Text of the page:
Thursday, March 24, 2011

Insomnia and HIM

Friends, family, strangers…

I’m off to HIM conference in Honolulu, which means I won’t be posting again until Sunday. Upon returning I shall have a plethora of stories and (perhaps) pictures to share, as well as a recap of the first few days of this week, which were filled with fun. On another note, here’s an account of the hours I’ve slept this week:

Sunday night: 2 hours

Monday night: 4 hours

Tuesday night: 6 hours (which includes a nap from 10:00 a.m. to 12:00 p.m. the next morning)

Wednesday night: 2 hours  

This is the first time I’ve battled legitimate insomnia… I've found it leaves one feeling rather raw during the day. And exhausted. I don’t have high hopes for getting much sleep during HIM, but there’s no way that’s going to spoil this trip. It just might make it more interesting.

‎"He gives strength to the weary and increases the power of the weak." – Isaiah 40:29

Sunday, March 20, 2011

Hiking and Hitchhiking

The last few days have been blissful. A recap:

Thursday: Only three kids showed up for Radnight, so after eating our dinner (Subway—Shikinah got me my favorite sub again!) we cruised around Kilauea. We got drinks at the Kilauea Bakery (caramel latte for me) and then played soccer (in the dark) on the soccer field behind the gymnasium. (I like parentheses.)

Friday: This day was a combination of working and relaxing. I watched some How I Met Your Mother, made tacos for dinner, and snapped a couple pictures. The first is a gecko hanging out in my office window, the second is a shot I took of the bay around 10:00 pm, but it’s illuminated by the light of the (almost) full moon.

Saturday: I spent the day hiking the Powerline Trail with Sam and Mikayla. The hike closely follows a powerline running from Princeville to Wailua, covering 9 to 13 miles (depending on who you ask or what sources you read), and ascending over 1,500 feet. I picked up Mikayla and Sam in Princeville and we left my car at the trailhead, shouldered our backpacks, and began the hike. The weather couldn’t have been better for a day hike—cloud coverage prevented the sun from exhausting us, but there was no rain except for a brief five-minute drench in the afternoon.

The hike itself was filled with a variety of sceneries and landscapes, ranging from swampy to jungle-y to rocky. The first few miles of the trail were boggy and wet. Sam had waterproof hiking boots, but Mikayla and I had tennis shoes. It was the first time I had worn mine ($12, from Walmart), and I wish I would have taken a picture of them before we started hiking to accurately document their transformation from fluorescent whiteness to brown filthiness. At the end of the hike we took off our shoes and socks to find our feet pale and shriveled from the water.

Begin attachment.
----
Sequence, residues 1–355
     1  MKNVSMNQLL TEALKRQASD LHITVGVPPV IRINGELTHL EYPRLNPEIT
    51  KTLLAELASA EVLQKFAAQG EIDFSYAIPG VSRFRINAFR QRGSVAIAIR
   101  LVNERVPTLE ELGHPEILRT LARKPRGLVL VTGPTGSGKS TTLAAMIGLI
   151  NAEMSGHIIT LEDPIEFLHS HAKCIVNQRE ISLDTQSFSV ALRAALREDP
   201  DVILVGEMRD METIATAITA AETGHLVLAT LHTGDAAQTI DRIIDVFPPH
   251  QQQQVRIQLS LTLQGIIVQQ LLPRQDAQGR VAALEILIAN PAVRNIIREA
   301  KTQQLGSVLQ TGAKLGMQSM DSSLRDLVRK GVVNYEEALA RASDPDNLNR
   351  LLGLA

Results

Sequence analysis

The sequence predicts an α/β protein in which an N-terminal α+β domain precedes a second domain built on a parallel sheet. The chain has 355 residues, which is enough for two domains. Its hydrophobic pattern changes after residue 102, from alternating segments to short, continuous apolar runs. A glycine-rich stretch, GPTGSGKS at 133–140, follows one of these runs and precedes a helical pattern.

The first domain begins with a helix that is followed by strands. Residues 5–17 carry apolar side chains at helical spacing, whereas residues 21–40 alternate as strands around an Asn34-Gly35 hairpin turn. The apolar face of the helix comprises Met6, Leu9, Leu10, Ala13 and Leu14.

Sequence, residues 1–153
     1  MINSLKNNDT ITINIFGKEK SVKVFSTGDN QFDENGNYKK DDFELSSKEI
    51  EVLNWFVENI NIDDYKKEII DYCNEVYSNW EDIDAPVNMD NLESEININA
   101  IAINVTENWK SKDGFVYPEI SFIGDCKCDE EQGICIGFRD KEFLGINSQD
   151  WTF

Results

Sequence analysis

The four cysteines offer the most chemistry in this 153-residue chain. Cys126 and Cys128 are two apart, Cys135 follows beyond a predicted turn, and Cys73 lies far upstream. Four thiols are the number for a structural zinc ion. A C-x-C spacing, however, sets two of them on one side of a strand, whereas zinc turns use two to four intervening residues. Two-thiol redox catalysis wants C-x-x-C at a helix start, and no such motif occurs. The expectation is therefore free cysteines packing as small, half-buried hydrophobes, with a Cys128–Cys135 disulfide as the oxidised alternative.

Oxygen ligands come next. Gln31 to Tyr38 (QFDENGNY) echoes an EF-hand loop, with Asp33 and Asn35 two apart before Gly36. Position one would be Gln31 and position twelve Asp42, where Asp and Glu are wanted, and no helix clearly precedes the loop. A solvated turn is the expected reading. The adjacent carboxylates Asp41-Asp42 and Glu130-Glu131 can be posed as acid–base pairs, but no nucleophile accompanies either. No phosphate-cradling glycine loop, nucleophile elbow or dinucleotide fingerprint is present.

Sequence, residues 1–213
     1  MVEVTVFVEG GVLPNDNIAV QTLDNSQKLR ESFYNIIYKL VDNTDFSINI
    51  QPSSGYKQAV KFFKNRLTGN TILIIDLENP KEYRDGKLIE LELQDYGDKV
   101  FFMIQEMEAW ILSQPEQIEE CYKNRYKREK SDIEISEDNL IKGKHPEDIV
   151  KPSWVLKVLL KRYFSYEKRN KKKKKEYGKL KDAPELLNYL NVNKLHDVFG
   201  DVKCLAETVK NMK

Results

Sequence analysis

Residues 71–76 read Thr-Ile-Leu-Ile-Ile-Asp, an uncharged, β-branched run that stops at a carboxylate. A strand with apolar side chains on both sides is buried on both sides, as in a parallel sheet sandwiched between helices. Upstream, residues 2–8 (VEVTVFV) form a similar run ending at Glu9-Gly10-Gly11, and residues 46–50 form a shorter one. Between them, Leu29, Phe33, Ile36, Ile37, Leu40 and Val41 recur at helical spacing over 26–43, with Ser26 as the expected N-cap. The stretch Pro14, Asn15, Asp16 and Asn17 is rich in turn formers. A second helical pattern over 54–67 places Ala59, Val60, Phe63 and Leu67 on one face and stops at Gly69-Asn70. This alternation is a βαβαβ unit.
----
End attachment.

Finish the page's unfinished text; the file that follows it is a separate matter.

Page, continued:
Anyway, the first few miles were boggy and wet. At first Mikayla and I tried to dodge the muddy trenches and swampy water, but after a few missteps, we gave up and plowed through. But the water was oddly refreshing, and mud is squashy and fun. So we hiked for quite a while through marshy, swampy fields and hopped off the trail once to see the view from a lookout point. Pictures:

We stopped to eat lunch about halfway through the hike at some sort of old radio tower (or something?), which resembled a Dharma station (“Lost” fans, please appreciate this.) We hopped the barbed wire fence surrounding it and climbed the ladder to the top of the tower where we ate lunch, which consisted (for me) of a peanut butter sandwich, strawberry Nutrigrain bar, and chocolate/caramel power bar. We lingered on top of the tower for a bit, admiring the view and stretching our legs. Here are a few pictures of the view (you can see the path of the powerline), my and Mikayla’s muddy shoes (they got much worse; also, our ankles aren't tan--they're covered in a film of dirt), and the tower we climbed. It’s hard to gauge size, but the barbed wire fence at the base was about 7 feet high.

After lunch, we hiked the last half of the trail, which was mostly downhill and (deceptively) seemed to go a lot faster than the first half. The landscape was breathtaking. We hiked down a redrock trench with turquoise soil patches, through large-leaf forests with curtains of vines, and along ridges overlooking the distant mountains. The trail was deserted; we only passed one other pair of hikers. There was something equally exhilarating and calming about being out in the middle of nowhere with no one around. We talked most of the hike and at one point defied our logical sides by eating mysterious wild berries that resembled raspberries but were bigger, a little firmer, and had smaller segments. Sam accurately described them as tasting medicinal, but they were good. Oh, and I know this is mind-blowing, but we discovered a dinosaur footprint.